PI – Monique Ross, Co-PIs – Peter Clarke, Geoff Potvin
Understanding the Implications of Online Learning and Engagement
Strategies with Elements of Competition on Women Students’ Engagement and Fit with Computer Science
The underrepresentation of women in computer science has begun to garner attention in both popular culture and scholarly works due to shifts in demographics and concerns about remaining competitive in a globalized economy. Post-secondary programs are working to attract and retain women in computing fields in order to keep pace with industry demands for computing professionals. This has caused the computer science community to reflect on current educational practices, community culture, and university departmental climate. This project will use a cyberlearning environment known as SEP-CyLE (Software Engineering and Programming Cyberlearning Environment) to study the potential of using online learning and engagement strategies with elements of competition (known informally as gamification) as a strategy to enhance the learning, engagement, and identity development of women in computing. The intellectual merit of the project is its explicit exploration of gender in a cyber-learning environment. Despite the wealth of literature that explores gamification on learning, there is no clear consensus on its effects on students by race and gender. Does gamification have value for improving female students learning and engagement in computer science courses? The results of this research will provide insight on gamification in student learning, identity development, and self-efficacy beliefs, and gender-fit in computer science. The results of this study will form the basis for more targeted learning and engagement strategies to attract and retain more women in computing fields.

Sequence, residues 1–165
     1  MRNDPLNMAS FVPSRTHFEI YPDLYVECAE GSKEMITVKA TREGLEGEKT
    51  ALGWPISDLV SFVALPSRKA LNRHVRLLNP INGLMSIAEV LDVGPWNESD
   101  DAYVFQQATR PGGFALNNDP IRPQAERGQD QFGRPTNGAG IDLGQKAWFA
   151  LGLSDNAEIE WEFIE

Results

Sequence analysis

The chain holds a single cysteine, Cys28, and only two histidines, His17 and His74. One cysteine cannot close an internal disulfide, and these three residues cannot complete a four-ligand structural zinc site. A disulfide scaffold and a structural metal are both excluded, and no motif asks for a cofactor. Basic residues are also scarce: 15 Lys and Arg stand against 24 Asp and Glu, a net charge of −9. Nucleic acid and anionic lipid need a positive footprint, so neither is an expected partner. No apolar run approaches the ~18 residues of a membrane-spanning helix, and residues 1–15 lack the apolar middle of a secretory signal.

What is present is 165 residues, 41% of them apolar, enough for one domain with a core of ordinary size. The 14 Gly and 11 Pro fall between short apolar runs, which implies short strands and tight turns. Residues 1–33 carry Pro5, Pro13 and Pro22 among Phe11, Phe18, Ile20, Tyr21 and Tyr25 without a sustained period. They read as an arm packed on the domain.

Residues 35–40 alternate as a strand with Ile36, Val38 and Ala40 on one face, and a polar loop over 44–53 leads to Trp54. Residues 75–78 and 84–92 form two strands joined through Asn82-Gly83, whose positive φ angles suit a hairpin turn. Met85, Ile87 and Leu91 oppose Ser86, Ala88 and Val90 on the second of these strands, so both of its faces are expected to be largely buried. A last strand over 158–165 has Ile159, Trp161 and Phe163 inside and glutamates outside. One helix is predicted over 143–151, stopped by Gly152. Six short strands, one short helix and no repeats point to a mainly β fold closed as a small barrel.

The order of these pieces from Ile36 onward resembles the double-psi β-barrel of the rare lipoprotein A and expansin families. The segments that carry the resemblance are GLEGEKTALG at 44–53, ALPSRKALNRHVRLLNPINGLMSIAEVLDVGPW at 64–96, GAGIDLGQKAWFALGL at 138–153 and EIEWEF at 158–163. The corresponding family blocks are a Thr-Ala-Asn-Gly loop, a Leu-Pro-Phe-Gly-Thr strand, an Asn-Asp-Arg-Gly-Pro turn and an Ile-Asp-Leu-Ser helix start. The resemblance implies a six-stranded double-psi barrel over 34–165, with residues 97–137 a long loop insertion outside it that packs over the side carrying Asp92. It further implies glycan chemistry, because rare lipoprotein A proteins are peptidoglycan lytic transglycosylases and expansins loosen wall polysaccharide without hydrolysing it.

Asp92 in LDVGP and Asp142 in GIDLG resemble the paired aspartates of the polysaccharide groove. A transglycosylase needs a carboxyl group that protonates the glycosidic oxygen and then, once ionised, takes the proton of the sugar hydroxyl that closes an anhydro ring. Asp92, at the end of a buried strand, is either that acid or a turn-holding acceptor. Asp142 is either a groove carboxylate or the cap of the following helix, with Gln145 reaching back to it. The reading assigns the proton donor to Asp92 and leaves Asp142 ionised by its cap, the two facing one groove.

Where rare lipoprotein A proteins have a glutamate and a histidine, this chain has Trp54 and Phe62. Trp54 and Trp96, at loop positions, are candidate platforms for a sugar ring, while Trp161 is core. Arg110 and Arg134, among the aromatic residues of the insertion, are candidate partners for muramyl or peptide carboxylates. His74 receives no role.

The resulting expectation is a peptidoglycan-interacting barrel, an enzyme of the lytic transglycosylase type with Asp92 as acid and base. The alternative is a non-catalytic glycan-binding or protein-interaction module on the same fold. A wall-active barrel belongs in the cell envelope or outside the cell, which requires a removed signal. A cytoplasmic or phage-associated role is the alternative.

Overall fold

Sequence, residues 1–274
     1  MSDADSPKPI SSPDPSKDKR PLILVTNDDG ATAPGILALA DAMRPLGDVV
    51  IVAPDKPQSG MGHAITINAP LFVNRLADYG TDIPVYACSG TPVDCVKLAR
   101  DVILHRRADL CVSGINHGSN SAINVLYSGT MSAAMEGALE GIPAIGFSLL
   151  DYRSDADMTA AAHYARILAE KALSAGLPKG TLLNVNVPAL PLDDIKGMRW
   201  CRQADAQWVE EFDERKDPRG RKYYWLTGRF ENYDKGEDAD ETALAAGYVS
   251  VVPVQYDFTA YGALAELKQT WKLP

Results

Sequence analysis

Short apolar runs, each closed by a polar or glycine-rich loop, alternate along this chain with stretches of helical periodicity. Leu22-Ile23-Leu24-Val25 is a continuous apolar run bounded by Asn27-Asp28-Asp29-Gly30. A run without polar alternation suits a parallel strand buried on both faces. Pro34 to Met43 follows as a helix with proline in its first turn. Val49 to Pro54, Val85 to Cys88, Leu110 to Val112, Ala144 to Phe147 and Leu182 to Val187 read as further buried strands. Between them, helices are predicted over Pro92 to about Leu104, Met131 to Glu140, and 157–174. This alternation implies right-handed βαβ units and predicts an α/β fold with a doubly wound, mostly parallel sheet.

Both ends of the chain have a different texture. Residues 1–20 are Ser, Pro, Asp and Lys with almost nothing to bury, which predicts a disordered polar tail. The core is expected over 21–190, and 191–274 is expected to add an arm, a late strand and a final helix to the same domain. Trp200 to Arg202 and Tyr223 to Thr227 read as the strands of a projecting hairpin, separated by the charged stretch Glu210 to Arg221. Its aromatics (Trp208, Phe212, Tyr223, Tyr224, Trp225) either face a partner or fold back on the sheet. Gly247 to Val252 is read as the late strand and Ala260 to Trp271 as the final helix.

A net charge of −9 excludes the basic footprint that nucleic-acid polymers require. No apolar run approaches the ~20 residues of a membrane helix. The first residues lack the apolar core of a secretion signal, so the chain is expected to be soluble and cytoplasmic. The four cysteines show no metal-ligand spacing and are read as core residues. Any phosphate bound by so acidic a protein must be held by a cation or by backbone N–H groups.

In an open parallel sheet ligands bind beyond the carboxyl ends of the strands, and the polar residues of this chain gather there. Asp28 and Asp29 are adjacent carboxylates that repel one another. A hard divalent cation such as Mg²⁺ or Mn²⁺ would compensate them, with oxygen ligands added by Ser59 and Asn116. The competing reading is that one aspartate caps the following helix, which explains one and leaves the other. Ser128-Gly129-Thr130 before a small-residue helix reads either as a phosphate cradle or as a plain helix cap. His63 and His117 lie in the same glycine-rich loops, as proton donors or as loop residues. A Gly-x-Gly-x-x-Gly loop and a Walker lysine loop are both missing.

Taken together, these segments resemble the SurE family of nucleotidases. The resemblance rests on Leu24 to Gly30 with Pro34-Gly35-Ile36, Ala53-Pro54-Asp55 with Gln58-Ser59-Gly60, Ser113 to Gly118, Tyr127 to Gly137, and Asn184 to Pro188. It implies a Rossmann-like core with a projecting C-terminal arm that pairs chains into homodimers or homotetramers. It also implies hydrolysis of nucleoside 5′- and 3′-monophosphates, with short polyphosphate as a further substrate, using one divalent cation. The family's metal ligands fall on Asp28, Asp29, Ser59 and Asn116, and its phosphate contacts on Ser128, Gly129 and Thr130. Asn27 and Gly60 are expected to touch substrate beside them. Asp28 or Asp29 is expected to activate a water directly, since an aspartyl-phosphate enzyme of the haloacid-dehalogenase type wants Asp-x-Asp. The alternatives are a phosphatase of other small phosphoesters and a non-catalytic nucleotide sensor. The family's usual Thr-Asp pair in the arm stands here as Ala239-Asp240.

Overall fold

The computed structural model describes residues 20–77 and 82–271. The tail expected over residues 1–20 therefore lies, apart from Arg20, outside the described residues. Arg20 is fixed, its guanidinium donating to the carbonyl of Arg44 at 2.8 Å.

The research activities consist of a mixed-methods study that explores the effects of gamification on self-efficacy beliefs and identity development for women and the usage patterns and learning outcomes for all students. The quantitative data will be disaggregated on the basis of race and gender to determine if there are differences in usage patterns and learning gains amongst participants of different races, genders, and intersections of race and gender. The results of the mixed-methods study will provide insight into both women’s experiences within computer science and the implication of gamification on their learning and engagement.